Thursday December 8 2016
What we learned from CL Week 6

There was to be no last-minute hiccups for Spain’s representatives in the Champions League, as Feargal Brennan found out, with all four easing into the last 16.

1. Madrid’s late lapses could prove costly

Marco Reus’ 88th-minute strike for Borussia Dortmund was to signify far more than just a late draw against Real Madrid. It cost the hosts top spot in Group F and has almost-certainly handed the defending champions a more-difficult team in the next round. But the greater alarm was the sense of inevitability behind the German side’s equaliser, with Madrid simply handing over the initiative to the visitors.

Late goals have been a consistent theme in Europe this season for Los Blancos, who have now conceded late equalisers home and away to Dortmund and at Legia Warsaw.

The issue is twofold – Madrid’s inability to kill the game off, plus their difficulty in defending against sustained pressure. Tactically, Zinedine Zidane’s men look vulnerable in Europe, swashbuckling going forward but lacking decisiveness at the back. The return of Sergio Ramos should help with this, but their sitting-back policy late in games, without individual confidence, may cause them problems going forward in Europe.

2. James is no lost cause for Madrid

Colombia international James Rodriguez gave another demonstration of his suitability within Real Madrid’s pacy counterattacking style against Borussia Dortmund and should now be handed a consistent run in the team.

Injuries and a lack of confidence have disrupted his season, but with Gareth Bale out until the New Year, James is clearly the best option to step in.

His running power and ability to work in tandem with Cristiano Ronaldo and Karim Benzema give him a clear edge over Isco and Lucas Vazquez, who can both drift in and out of games.

His ability to break quickly with the ball can be essential to Madrid’s play as Ronaldo, Los Blancos’ sole ball-carrier, is often marked by two players. James is just as reliable and will offer the likes of Luka Modric and Toni Kroos an option to play out to.

3. Arda stars for Barca but should be sacrificed for last 16

Arda Turan took full advantage of his first European start of the campaign to remind Barcelona boss Luis Enrique of his capabilities with a clinical hat-trick. The Turk was excellent all night, roaming the Catalans’ final third and popping up in all the right areas.

He remains Barca’s best attacking option outside MSN and there is no doubting his talent, which is clear for all to see. However, his role looks set to continue as impactful. Despite his showing against the Germans, he won't dislodge La Blaugrana’s starting front three, while a deeper role also looks unlikely. In the knockout rounds, Enrique is likely to return to Plan A, deploying three retention-based midfielders that will allow MSN the freedom and possession to wreak havoc. This will see Sergio Busquets and Ivan Rakitic back in alongside Andres Iniesta, allowing the side to be dominant in all areas of the pitch.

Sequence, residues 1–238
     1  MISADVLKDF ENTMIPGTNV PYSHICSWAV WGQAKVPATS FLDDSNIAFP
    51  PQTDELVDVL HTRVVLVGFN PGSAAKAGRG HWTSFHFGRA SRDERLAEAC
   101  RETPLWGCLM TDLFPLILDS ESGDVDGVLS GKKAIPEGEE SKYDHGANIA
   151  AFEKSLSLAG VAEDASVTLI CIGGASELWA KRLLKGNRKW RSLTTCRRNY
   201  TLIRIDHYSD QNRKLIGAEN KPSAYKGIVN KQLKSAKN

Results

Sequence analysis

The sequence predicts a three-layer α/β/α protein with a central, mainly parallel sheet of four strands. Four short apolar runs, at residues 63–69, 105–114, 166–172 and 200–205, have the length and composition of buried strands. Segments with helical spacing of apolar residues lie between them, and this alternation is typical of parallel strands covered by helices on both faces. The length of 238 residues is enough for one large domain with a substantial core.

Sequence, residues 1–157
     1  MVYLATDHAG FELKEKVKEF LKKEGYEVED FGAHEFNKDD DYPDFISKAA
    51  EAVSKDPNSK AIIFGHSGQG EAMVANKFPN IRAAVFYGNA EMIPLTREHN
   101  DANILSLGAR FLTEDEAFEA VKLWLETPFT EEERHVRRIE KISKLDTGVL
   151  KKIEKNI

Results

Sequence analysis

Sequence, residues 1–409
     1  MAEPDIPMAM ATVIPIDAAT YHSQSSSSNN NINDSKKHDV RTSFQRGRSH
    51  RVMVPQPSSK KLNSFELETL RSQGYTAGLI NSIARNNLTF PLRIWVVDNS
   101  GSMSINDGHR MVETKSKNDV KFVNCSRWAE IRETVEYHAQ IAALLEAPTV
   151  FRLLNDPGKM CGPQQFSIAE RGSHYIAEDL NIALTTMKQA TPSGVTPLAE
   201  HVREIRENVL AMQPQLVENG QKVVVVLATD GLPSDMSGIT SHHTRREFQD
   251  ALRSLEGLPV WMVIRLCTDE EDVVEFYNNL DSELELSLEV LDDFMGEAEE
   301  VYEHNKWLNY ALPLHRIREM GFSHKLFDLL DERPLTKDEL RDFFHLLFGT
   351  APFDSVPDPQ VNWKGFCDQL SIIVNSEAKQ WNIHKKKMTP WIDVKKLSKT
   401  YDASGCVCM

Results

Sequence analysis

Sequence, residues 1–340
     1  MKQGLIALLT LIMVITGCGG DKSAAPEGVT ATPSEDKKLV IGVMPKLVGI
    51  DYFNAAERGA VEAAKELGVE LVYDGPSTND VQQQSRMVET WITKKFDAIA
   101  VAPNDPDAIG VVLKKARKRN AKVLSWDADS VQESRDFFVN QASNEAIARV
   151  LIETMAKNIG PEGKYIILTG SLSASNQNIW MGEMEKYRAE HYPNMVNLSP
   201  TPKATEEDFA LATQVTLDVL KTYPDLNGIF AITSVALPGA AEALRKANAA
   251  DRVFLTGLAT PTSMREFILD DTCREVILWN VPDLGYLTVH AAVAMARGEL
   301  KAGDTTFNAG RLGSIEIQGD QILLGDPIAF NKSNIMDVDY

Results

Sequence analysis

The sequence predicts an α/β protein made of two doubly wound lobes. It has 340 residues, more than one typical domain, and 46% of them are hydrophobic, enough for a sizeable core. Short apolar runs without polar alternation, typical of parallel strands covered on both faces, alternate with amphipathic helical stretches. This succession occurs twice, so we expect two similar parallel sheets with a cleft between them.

4. Off-night for Atleti should be no concern

Despite ending 2016 with their first European defeat of the season, Atletico Madrid shouldn’t be too troubled by their loss to Bayern Munich. The German giants still had plenty to play for at the Allianz Arena, with Diego Simeone’s team already qualified as group winners, and the balance of the game showed that.

The only concern for Simeone would likely have been the lack of Atleti’s usual verve and high pressing game as the visitors were happy to allow Bayern to set the tempo and dominate possession.

Atleti have put a lot into Europe so far this season, and the winter break should allow them the chance to recharge and reorganise ahead of 2017 as they will be a real threat when back to full power. Check out the following link for the best predictions on Los Colchoneros’ fate in the knockout stages.

5. Sevilla finally show their Champions League steel

Sevilla’s love affair with the Europa League, plus their notorious failure to progress in the Champions League, both came to an end on Wednesday night as Jorge Sampaoli’s side dug deep to secure qualification.

So often in the past, Sevilla have fallen at the final hurdle, often to inferior teams, so much so that there appeared to be a mental block for the Champions League in Andalusia.

Under Sampaoli, however, Sevilla looked more organised defensively, rather simply relying on an ability to outscore their opponents.

While Lyon were far from dominant, Sevilla were effective defensively in denying the French side any chance of progress, with Sergio Escudero particularly outstanding. Sevilla will need that collective strength when the big boys come around in the spring, but the signs look positive so far.

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